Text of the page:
tories are not in our name.
So I aim to undermine the occupation from within. For people with a conscience, it is more than a right – it is a duty.
We did not invent the method – Feiglin uses it in the Likud, and the religious Right runs pre-army programs to take control of the army from within. I would also like to place our youngsters in strategic positions, to change from within….
The far-out religious are not that dissimilar to the anarchists.Perhaps also a fifth column from within. The recent dust-up over the “King’s Torah” had inflammatory implications in postulating that under certain conditions, non-Jewish lives carried less weight in the eyes of god than Jewish ones, brought the issue of Kahanism back to center stage and the broader implication that Kahane entertained in which the Torah was incompatible with democracy based on selective parsing of the scriptures. Less heretical is the view that encourages IDF soldiers to refuse to execute settlement evacuation orders, expulsion, which is easily tenable from a religious perspective, especially after Gush Katif and the Amona disorder. But groups like ICAHD posit secular morality to encourage the same behaviors and tactics:
… ( Meir Margalit) We’re not talking about how legal a government action is, but how moral it is. In fact I never understood my friends who strongly disagree with outposts built on private land, as if they were less grave than those built on “state land.” They fell into the trap of the settlers – who distinguish between “illegal outposts” and settlements built with government approval, as if that makes them legitimate.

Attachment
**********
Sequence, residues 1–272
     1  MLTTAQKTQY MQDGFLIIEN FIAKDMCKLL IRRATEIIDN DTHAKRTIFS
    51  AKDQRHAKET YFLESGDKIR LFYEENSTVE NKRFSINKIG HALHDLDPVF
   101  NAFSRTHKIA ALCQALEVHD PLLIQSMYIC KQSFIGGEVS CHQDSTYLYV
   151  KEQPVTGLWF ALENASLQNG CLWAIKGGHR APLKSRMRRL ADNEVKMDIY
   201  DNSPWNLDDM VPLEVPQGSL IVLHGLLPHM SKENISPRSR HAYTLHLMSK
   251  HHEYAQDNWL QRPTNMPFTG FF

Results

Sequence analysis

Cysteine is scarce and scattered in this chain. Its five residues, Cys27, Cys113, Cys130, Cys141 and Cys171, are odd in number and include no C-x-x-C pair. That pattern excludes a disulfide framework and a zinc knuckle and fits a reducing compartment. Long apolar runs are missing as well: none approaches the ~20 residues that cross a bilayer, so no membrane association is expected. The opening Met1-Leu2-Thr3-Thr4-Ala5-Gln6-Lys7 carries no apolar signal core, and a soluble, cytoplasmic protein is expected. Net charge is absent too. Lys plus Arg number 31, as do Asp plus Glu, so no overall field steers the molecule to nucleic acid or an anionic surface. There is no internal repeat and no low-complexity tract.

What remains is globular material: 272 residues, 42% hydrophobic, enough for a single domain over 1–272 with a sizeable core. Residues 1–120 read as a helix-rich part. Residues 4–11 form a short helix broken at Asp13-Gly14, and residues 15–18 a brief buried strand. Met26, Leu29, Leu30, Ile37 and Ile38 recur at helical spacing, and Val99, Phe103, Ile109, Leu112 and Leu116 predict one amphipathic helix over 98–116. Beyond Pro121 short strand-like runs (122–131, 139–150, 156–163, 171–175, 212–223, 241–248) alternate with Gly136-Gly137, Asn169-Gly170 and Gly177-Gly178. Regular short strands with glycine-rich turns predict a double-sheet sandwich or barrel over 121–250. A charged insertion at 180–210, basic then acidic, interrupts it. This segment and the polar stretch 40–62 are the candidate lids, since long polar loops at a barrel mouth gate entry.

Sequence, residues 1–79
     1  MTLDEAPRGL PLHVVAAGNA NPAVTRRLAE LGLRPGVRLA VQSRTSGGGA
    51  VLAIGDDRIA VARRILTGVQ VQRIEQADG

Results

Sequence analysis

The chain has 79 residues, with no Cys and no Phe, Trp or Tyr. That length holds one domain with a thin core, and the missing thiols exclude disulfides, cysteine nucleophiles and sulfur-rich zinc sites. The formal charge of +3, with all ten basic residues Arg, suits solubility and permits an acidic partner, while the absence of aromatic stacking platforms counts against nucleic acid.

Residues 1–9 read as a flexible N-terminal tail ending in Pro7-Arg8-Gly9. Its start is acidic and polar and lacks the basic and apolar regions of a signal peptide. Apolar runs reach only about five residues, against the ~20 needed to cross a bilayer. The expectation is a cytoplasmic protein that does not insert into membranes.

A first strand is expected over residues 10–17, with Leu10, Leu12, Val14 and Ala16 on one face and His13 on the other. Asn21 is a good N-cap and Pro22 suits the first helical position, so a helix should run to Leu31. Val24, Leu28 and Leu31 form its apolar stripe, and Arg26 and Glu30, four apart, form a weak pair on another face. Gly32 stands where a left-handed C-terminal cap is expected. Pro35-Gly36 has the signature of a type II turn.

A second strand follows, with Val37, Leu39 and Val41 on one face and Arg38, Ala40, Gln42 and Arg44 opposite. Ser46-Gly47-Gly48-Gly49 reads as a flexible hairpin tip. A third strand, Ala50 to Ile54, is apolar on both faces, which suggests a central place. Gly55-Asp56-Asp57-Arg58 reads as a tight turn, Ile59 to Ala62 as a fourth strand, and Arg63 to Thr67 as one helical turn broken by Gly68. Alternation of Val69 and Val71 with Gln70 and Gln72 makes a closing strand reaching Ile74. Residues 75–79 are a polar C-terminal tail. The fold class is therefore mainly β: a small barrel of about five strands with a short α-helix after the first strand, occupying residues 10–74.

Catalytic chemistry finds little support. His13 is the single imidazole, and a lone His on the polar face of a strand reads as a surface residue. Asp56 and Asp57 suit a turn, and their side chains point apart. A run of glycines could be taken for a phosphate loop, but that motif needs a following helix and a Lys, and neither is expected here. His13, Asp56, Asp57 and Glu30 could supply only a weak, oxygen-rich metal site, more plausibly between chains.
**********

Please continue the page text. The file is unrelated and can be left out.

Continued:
The law doesn’t legitimize acts of theft, or patently immoral actions. No law will stipulate for me what can and can not be done, but only standards of conscience that discriminate between good and evil – not between legal and illegal.So it is strange when people ask why I’m ready to break the law for the sake of the public I represent – because that’s supposed to be the default situation of any public representative….
…To state the obvious: bad laws shouldn’t be complied with! And a law that permits the demolition of homes is not only a bad law, it’s a harmful law, a blot on Israeli society. I will work against this and violate this without hesitation, until someone wakes up.It is amusing that criticism leveled against me comes from groups specializing in lawbreaking.
Supporters of Beit Yehonatan, Migron and Givat Ha’Ulpana should be the last to criticize me – or maybe the first to understand my position.Indeed, there’s an apparent similarity between my position and those who freely violate court orders and build settlements on private land. But it’s only an external similarity.Though we’re both willing to break the law, when it comes to purpose there’s a major difference between us….